Uganda Tragedy: 42 Dead including 38 Students in Brutal Attack at Lhubiriha Secondary School

Uganda Tragedy: 42 Dead including 38 Students in Brutal Attack at Lhubiriha Secondary School

In the heart of Uganda, a country rich in beauty and cultural diversity, there lies a grim narrative that unfolded at Lhubiriha Secondary School, located in the border town of Mpondwe. The horrific incident bore witness to the recovery of 42 bodies, including 38 innocent students, who had fallen victim to a gruesome massacre carried out by a group of merciless attackers. The victims were brutally burned, shot, or hacked to death, instilling a wave of terror that swept across the nation.

A faction of rebels suspected to be responsible for the onslaught abducted at least six individuals, thereafter escaping the scene across the fluid border into the neighboring Democratic Republic of the Congo (DRC). The Ugandan authorities pointed fingers at the Allied Democratic Forces (ADF), an armed outfit with proven connections to the international terror group, ISIL (ISIS). The ADF, operating from its strongholds in the unstable eastern DRC, has a history of launching ruthless attacks for several years.

This tragic event at Mpondwe’s Lhubiriha Secondary School stands as the deadliest assault on Uganda since the 2010 Kampala bombings, which saw 76 casualties and was claimed by the Somalia-based al-Shabab group.

Selevest Mapoze, Mayor of Mpondwe-Lhubiriha, recounted the horrifying ordeal from the fateful Saturday. He detailed that while a group of students suffered death by inferno when the assailants torched a dormitory, others faced fatal gunshots or were hacked to death with machetes.

One survivor, 16-year-old Mumbere Edgar Dido, provided a harrowing first-hand account of the brutal incursion. He recollected how the attackers, armed with machetes and firearms, stormed his dormitory, firing from outside and forcing the terrified students to take cover under their beds. The nightmare continued as the attackers ignited the dormitory with the students still inside, before moving on to the girls’ quarters.

Despite the traumatic event, many questions remain unanswered. Felix Kulayigye, spokesperson for the Uganda Peoples’ Defence Forces (UPDF), confirmed that the six kidnapped individuals were led towards the expansive Virunga National Park that borders DRC and Uganda. He also informed the media about UPDF’s immediate pursuit of the perpetrators to rescue the abducted students.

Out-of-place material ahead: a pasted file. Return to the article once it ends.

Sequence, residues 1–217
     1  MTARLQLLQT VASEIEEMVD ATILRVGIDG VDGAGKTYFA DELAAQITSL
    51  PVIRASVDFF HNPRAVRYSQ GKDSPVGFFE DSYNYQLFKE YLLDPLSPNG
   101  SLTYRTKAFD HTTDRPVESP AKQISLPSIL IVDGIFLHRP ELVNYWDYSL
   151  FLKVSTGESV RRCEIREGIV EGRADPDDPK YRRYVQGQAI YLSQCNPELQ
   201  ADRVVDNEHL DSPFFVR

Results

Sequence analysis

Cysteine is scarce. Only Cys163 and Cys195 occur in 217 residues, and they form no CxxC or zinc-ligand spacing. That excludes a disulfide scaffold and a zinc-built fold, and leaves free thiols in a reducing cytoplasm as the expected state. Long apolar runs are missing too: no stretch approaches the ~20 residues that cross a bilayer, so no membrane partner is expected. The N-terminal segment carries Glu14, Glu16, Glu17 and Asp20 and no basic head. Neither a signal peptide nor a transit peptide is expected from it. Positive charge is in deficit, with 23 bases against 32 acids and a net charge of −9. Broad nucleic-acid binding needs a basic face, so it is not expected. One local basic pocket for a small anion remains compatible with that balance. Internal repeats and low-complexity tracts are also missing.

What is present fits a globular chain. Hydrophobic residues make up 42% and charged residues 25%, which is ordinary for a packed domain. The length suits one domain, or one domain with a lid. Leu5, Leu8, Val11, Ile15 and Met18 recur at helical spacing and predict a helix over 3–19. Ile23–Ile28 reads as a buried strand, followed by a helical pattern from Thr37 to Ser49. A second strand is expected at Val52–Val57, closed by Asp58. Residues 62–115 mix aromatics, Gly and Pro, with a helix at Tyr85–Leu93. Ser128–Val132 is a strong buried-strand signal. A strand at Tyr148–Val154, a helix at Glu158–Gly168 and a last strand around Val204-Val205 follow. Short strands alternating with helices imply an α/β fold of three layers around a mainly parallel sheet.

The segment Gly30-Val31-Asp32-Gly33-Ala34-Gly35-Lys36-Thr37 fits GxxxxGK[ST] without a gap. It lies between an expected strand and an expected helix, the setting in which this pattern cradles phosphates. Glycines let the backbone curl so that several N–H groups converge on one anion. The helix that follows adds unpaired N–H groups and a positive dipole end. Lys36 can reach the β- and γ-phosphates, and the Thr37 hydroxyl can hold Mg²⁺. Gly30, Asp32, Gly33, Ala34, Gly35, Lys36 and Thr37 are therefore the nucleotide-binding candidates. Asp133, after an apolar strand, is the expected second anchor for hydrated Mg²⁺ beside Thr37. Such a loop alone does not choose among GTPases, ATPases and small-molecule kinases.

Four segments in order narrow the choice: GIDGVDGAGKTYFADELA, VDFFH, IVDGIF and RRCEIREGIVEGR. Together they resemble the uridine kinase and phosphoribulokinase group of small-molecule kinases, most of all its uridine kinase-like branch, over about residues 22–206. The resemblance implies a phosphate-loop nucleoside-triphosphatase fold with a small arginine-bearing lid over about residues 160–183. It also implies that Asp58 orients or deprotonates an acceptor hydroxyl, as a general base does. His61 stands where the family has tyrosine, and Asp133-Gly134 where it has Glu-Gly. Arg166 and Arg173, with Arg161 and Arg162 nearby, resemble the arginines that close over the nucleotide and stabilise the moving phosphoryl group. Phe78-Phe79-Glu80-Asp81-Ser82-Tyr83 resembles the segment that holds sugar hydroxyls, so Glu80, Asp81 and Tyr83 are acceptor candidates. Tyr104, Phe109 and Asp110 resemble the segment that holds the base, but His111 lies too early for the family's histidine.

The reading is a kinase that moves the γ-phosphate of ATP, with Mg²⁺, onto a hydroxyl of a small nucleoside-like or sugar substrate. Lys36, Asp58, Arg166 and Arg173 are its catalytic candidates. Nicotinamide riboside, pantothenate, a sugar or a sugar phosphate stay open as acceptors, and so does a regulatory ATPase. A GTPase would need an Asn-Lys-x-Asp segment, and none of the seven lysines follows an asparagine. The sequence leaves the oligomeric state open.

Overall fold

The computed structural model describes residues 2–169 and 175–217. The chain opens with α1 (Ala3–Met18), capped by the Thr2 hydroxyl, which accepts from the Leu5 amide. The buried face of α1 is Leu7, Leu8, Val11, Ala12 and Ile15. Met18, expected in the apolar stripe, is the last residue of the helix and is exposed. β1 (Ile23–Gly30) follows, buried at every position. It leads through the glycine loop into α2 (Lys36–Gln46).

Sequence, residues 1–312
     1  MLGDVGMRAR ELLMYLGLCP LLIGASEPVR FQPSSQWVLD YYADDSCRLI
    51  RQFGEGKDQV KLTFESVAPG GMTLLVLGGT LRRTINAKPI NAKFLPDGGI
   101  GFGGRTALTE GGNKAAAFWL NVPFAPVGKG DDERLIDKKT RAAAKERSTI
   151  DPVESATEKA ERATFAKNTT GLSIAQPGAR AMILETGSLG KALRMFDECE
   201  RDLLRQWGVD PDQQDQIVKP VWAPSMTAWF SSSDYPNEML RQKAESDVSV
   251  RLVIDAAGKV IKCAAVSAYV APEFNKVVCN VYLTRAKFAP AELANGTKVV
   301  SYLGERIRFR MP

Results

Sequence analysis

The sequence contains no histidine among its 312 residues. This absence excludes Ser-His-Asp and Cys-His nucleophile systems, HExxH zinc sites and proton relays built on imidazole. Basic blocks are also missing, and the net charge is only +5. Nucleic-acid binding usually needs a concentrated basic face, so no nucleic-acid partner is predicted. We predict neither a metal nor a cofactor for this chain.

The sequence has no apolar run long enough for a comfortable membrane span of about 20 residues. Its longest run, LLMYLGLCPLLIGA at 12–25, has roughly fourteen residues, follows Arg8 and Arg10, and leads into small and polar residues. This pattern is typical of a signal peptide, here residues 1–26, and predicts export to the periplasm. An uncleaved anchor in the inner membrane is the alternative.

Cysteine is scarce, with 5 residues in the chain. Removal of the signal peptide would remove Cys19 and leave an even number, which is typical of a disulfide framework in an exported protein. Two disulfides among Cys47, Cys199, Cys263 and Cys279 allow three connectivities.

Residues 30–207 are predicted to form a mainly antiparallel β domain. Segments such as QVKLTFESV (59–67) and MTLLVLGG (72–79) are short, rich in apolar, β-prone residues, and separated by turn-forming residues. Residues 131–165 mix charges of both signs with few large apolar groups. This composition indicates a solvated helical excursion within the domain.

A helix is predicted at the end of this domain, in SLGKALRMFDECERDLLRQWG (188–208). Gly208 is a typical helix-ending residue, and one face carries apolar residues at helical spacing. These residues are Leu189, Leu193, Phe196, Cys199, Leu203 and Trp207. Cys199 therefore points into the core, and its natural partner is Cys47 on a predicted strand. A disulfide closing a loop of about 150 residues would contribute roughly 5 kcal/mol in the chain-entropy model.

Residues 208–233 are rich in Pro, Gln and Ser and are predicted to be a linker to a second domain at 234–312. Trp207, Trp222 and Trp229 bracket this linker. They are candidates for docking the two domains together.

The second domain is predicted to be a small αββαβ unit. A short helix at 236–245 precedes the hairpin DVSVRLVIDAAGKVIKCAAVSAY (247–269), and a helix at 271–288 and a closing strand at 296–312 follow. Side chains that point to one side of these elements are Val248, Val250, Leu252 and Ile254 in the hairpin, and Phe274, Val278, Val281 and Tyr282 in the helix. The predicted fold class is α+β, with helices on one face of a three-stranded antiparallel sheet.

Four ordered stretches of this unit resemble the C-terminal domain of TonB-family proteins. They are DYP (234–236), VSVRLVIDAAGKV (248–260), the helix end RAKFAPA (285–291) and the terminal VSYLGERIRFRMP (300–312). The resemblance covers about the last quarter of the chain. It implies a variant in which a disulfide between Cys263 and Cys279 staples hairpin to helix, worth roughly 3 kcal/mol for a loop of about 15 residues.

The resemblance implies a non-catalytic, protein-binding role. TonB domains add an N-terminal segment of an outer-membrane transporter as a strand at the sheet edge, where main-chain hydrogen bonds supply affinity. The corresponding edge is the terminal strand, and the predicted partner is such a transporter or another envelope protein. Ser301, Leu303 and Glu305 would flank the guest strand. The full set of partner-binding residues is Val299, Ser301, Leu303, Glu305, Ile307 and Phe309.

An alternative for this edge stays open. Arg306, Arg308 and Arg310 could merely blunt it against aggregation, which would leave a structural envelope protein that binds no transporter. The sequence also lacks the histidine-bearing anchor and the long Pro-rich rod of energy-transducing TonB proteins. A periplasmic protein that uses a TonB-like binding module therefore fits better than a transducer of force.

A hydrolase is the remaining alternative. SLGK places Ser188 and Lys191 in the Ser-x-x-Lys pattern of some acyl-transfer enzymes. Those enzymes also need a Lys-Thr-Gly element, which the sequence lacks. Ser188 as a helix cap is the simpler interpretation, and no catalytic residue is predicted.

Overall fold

Meanwhile, Fred Enanga, the national police spokesperson, shared that the attack targeted a privately-owned school in the district of Kasese, situated approximately two kilometres from the DRC border. Daniel Bwambale, a renowned expert on government affairs in Kampala, criticized the authorities’ response to the incident. In his conversation with Al Jazeera, he stated that the attack could have been averted and held the authorities accountable for neglecting the intelligence they had on the ADF’s plans.

Florence Kabugho, a legislator for Kasese, shared her concerns regarding the conspicuous absence of security despite the border’s heavy military presence. She questioned the authorities’ preparedness, rhetorically asking, “Where was this security when these killers came to Uganda?”

Regrettably, this isn’t the first instance of an ADF attack on a Ugandan school. In June 1998, a similar onslaught on Kichwamba Technical Institute near the DRC border resulted in the death of 80 students, who were burned alive in their dormitories, and over 100 students abducted.

Joe Walusimbi, a representative for Uganda’s President Yoweri Museveni in Kasese, remarked about the distressing state of the bodies, many of which were burnt beyond recognition. Major-General Dick Olum, the army’s commander for western Uganda, further revealed that the attackers had remained in the town for two days before the attack, carefully identifying their target.

As Uganda continues to grapple with the repercussions of this horrific incident, the country’s resilience and quest for justice remain unyielding. The question that continues to echo throughout Uganda, and indeed the world, is how such atrocities can be prevented in the future.

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